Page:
strength of the field, or number of lines of force per square centi-
meter, and I is the length in centimeters of the wire at right angles

Fig. 304.

to the field. The direction of the current in one side of the coil
being opposite to that in the other, the force acting upon one side
is opposite to that acting upon the other; in other words, the two
forces constitute a couple and rotation will be produced. Its
direction may be determined by applying the left hand rule (Par.

The following additional explanation of this movement is given
as it involves certain conceptions which will be used in a discus-
sion later on.

The lines of force of the field run from N to S as shown by the
heavy arrow. If a current enters the coil by A and leaves by B,
there will be produced within the coil a field whose direction, as
shown by the broken arrow, is from above downward. In ac-
cordance with Maxwell's law (Par. 371), the coil will turn until
it embraces its own field and that of the magnet; it will therefore
take up a counter-clockwise rotation.' The turning effect of the
couple mentioned above becomes zero when the coil has revolved
until it lies in the vertical plane, and is reversed when the coil
passes through this plane. The coil would therefore come to rest
in this position. However, by means of a suitable commutator,


as explained under generators (Par. 556), the current is reversed
as the coil passes through the vertical plane; its field is therefore
shifted 180 ahead and the rotation becomes continuous. More-
over, by using many coils upon the armature (Par. 558), it is
always possible to have the current flowing through those in
which the turning effect is at or near a maximum.

592. Power Developed by a Motor. Power is the rate at which
work is done (Par. 492), therefore


Power = -.

Work is force exerted over a path, hence

Power = frce X path

- path

= force X IT

= force X velocity

Consider one of the inductors of the armature of a motor (Fig.
^ , 305). The force exerted upon it is (Par. 591)
f=I . H .1 dynes. The same force is exerted
upon the inductor diametrically opposite.

If r be the radius of the armature, in one
complete revolution the inductor travels a dis-
tance 2irr. In n revolutions it travels 2irrn.

If these n revolutions be made in time t, the
velocity with which the inductor travels is

big. 305. _ .


From above, power = forceX velocity, hence power developed
by the motor is

This may be written

P = IHlx2rX2>jm/t

But / HI X2r = armature moment = torque, and 2irn/t= angular
velocity of the armature, hence the power developed varies with
the torque and with the speed of rotation of the armature.

593. Counter Electro-Motive Force. Ignoring for the moment
the cause of the movement, consider a rectangular coil, as de-
scribed in Par. 591, rotating in a counter-clockwise direction in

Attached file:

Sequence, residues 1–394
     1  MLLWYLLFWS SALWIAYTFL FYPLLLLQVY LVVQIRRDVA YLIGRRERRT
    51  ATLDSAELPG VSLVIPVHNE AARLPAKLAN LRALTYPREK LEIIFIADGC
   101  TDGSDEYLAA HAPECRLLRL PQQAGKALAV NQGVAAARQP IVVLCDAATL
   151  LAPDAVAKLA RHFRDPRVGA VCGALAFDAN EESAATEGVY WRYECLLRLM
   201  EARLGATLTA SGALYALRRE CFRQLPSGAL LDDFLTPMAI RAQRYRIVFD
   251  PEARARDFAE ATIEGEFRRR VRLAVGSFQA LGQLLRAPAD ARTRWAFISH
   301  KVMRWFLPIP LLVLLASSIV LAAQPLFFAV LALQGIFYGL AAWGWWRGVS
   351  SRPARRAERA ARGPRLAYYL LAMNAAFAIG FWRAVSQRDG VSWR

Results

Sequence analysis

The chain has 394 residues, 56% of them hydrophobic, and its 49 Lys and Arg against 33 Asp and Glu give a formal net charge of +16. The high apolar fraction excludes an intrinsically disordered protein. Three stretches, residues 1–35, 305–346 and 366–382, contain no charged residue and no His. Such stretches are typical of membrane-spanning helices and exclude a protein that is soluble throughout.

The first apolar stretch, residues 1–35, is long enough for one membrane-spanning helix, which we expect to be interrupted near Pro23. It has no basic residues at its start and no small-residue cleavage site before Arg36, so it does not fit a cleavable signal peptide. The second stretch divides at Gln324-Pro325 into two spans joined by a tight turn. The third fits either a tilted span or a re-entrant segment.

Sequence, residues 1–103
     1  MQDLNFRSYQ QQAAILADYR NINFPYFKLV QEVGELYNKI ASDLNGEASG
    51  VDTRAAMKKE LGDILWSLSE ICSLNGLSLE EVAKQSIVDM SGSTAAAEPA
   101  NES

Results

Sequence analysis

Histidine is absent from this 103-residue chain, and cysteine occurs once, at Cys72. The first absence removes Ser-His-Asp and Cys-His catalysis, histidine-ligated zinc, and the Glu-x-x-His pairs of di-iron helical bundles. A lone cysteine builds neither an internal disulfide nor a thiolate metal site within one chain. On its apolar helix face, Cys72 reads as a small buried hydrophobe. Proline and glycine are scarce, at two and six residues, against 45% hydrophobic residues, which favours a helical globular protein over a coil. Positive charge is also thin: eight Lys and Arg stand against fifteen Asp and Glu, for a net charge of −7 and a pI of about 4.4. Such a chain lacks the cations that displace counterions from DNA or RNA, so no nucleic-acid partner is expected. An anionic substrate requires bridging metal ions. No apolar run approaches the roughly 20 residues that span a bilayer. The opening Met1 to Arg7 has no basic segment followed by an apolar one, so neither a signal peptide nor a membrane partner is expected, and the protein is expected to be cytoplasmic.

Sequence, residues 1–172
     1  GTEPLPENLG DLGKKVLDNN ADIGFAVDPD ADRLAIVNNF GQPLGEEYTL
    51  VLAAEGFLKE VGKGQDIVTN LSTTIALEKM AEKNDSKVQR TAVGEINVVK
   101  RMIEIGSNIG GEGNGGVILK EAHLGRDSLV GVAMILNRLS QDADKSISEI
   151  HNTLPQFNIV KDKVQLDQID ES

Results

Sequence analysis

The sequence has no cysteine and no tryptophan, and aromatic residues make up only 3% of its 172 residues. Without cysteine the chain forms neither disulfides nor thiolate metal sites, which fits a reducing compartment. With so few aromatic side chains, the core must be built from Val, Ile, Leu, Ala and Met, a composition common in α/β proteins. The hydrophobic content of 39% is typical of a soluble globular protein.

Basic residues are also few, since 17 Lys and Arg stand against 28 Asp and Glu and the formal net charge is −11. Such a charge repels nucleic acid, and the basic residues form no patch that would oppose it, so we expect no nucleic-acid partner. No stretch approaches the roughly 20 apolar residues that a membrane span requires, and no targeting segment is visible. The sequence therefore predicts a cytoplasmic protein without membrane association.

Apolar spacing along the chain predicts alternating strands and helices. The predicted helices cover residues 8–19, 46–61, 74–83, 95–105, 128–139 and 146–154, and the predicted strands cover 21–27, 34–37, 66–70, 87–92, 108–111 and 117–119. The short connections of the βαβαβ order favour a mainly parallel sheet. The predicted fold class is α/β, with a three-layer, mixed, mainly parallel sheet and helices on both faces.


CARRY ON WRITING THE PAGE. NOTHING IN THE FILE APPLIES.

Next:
a magnetic field. The sides of this coil are conductors moving in
a magnetic field. Application of the right hand rule (Fig. 306)
will show that there is induced in the coil an E. M. F. which acts
in at B and out at A. The more rapid the rotation, the greater
this E. M. F. (Par. 425). Comparing figures 306 and 304, we see

Fig. 306.

that this E. M. F. is opposed to that of the current which causes
the motor to rotate; in other words, the rotation of the motor sets
up an E. M. F. which opposes the current which produces the
rotation. This opposing E. M. F. is called the counter or back
E. M. F.

The first conspicuous effect of the counter electro-motive force
developed by a motor is to cut down the current supplied. If an
ammeter be connected in series with a motor and the circuit be
closed, it will be noted that before the motor begins to move, the
current is very large (indeed, without some special arrangement
to be described later [Par. 601] it may be excessive), but as the
motor speeds up, the current falls steadily.

If the E. M. F. applied to the brushes of a motor be E, and the
resistance of its armature be R, the current through the armature
before the motor moves is

and as R is small, I is great.
As the motor gains speed, the current becomes

j _ E EB
1 " ~R~


or only so much as can be driven through the armature by the
difference of the impressed and the back E. M. F.

594. Relation Between Counter E. M. F. and Power Developed.

Since the power which a generator delivers to the brushes of a
motor is IE watts (Par. 494), and since, as shown above, 7 is cut
down by the back E. M. F. developed and hence the power re-
ceived by the motor is thereby diminished, it would seem that
back E. M. F. is a defect. However, consider the following:

From above, the current which a generator supplies to a running
motor is T E-E B


whence IR = EE B

whence PR = IE-IE B

whence IE = I 2 R + IE B

or IE-, the total